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Old 06-11-2016, 08:50 PM   #1
rjo98
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How to move oldest file in one directory to another directory


I have a lot of data I need to move into a processing queue, but I want to do it slowly, like one file a minute. I could cron a command to do this, but I don't know the command.

What I want to do is find the oldest file in the source directory, then move that into the destination directory. Then i'll let cron take it from there.

Anyone know of a one-liner that will do that, that i could paste into a crontab?

Thanks in advance.
 
Old 06-11-2016, 10:17 PM   #2
jayjwa
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You may wish to be more specific about "oldest file", as if you continue to move files, even one just accessed/written to a second ago will be technically the "oldest file" if it's the only one left. If you're doing something like removing old logs or backup, you might find "find"'s tests more helpful. I wouldn't use cron for this: try a "for" loop with a sleep timer. Something like (for Zsh):
Code:
for filez ( `find $SOURCE_DIR -atime +1 | xargs` ); do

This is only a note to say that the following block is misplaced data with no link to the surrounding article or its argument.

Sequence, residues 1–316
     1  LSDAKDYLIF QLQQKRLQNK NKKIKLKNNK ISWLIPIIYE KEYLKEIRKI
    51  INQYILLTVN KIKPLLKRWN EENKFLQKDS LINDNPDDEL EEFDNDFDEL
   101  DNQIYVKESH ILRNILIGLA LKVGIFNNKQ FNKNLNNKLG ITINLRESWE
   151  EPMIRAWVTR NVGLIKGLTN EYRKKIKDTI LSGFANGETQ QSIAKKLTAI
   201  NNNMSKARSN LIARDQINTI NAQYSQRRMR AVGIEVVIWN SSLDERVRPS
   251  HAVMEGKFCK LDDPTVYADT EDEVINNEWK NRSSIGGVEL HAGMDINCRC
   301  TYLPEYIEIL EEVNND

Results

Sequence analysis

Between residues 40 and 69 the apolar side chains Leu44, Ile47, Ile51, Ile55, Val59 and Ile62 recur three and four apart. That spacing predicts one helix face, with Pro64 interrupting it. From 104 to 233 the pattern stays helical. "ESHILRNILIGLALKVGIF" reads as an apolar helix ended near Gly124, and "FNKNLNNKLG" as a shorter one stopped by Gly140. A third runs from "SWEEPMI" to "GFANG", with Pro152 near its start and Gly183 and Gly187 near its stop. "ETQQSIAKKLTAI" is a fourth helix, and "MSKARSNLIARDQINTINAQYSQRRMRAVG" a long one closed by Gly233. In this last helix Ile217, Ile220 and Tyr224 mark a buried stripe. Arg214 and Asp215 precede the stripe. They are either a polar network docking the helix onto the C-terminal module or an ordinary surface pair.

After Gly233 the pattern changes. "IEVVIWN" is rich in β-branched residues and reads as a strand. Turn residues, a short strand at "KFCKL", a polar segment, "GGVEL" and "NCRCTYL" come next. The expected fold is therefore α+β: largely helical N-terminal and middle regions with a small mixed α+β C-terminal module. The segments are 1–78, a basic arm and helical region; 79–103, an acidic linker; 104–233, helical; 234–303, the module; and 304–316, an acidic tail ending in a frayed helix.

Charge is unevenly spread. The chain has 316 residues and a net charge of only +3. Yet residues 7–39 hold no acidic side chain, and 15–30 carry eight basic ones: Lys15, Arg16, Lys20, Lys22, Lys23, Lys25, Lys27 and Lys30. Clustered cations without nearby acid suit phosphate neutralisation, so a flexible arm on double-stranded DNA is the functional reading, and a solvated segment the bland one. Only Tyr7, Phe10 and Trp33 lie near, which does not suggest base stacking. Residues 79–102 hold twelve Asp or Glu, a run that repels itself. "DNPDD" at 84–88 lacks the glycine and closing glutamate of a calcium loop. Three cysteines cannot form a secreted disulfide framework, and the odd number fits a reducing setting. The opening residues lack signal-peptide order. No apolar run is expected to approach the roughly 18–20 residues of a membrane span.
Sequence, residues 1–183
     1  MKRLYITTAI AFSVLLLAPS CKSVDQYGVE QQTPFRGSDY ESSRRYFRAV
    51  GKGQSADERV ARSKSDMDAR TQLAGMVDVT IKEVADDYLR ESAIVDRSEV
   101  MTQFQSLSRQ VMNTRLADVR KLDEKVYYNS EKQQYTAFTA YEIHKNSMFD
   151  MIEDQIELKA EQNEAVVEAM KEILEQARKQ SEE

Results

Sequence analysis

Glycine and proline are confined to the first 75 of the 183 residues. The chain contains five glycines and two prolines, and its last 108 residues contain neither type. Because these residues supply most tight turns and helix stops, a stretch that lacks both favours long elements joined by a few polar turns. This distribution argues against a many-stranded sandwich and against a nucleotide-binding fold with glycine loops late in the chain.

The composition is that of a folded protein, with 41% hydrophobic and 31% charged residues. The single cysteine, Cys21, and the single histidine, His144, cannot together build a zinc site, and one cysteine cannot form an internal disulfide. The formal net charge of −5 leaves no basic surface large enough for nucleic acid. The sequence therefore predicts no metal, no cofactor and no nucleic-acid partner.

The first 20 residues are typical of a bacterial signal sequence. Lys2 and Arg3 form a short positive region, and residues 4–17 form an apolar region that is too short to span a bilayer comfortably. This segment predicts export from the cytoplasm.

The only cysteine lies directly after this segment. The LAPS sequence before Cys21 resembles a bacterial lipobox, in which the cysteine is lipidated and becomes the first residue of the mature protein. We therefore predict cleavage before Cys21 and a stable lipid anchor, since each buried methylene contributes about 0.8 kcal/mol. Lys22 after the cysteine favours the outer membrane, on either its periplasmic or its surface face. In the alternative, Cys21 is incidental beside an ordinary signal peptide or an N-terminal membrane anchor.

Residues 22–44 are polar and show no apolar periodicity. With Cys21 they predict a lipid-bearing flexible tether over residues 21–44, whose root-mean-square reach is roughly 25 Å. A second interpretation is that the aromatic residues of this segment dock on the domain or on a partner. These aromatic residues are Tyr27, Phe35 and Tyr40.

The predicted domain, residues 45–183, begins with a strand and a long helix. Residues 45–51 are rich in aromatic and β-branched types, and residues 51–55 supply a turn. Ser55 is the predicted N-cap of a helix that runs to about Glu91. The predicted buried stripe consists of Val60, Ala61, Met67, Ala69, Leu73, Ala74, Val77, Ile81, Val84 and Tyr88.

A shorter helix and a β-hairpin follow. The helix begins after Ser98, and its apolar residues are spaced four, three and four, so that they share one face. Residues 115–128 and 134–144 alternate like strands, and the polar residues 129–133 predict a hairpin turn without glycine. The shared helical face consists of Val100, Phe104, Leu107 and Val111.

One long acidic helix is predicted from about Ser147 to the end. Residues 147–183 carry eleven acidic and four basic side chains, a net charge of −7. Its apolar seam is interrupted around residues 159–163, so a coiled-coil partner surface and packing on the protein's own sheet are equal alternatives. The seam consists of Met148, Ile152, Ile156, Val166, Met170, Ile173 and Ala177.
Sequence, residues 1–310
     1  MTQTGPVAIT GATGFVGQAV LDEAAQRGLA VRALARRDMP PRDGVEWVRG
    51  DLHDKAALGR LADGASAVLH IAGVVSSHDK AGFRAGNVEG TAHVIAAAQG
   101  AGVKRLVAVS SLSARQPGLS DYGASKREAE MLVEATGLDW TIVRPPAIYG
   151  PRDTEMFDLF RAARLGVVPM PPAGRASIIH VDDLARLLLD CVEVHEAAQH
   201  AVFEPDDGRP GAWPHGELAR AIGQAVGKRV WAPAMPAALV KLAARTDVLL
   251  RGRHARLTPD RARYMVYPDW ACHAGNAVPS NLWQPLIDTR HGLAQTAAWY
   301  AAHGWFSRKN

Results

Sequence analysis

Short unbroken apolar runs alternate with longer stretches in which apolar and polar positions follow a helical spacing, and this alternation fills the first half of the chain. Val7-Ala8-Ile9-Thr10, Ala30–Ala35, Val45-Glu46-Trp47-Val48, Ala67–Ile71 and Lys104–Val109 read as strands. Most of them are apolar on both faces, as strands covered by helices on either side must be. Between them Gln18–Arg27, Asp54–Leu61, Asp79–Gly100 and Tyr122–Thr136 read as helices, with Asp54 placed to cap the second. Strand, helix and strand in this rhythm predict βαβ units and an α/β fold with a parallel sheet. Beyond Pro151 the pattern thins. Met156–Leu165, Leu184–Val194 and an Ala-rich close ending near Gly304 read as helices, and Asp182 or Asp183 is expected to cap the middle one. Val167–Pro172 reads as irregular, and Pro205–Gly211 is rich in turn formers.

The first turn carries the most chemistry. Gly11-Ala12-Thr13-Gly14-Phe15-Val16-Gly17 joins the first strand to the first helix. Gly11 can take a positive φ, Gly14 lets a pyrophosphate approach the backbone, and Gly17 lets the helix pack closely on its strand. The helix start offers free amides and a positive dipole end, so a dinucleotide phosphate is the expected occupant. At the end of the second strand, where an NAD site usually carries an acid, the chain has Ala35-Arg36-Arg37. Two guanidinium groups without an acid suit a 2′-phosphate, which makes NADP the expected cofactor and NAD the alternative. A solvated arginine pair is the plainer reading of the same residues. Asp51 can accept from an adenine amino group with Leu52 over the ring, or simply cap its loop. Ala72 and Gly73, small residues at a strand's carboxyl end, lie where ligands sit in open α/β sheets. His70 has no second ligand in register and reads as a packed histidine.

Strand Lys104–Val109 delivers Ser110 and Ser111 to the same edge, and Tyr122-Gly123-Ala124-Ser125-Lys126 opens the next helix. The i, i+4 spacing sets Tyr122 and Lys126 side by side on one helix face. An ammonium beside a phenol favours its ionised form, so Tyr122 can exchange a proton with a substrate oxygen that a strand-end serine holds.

echo "Moving $filez accessed at least two days ago and waiting 60 seconds..."  
  mv $filez $DEST_DIR
  sleep 60
done
If you want the oldest file in a directory, and only that one file, then 'ls -t | tail -n 1' in that directory will get you that file.

See 'man find', specifically the section on "TESTS", if the above example needs changing to suit your needs. If you were going to perform this removal on a schedule, such as daily or weekly, then the above code could fit well into a cron job, or a script called via a cron job. How to do it will depend on which cron daemon you have. Personally, I prefer fcron.
 
Old 06-11-2016, 10:34 PM   #3
syg00
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Nothing is ever as easy as it seems. Any special characters possible (\f, \n, [[:space:]], ...) ?. Even the following may not be true if (sub-)directories exist.
Quote:
Originally Posted by jayjwa View Post
If you want the oldest file in a directory, and only that one file, then 'ls -t | tail -n 1' in that directory will get you that file.
 
1 members found this post helpful.
Old 06-12-2016, 07:17 AM   #4
rjo98
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Luckily I already have something scrubbing the names and it's all one directory. The only thing I could come up with on my own was

mv "`ls -t /Source/*.pdf | tail -1`" /destination/

Wasn't sure if there was a better way or what.
 
Old 06-12-2016, 02:59 PM   #5
Beryllos
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Quote:
Originally Posted by rjo98 View Post
mv "`ls -t /Source/*.pdf | tail -1`" /destination/
Edit: Looking a little closer at your example, I see you are restricting the search to pdf files. In that case, your command is fine, since it is unlikely that you would have a directory with ".pdf" at the end of its name.

Last edited by Beryllos; 06-12-2016 at 03:39 PM. Reason: answered a different question
 
  


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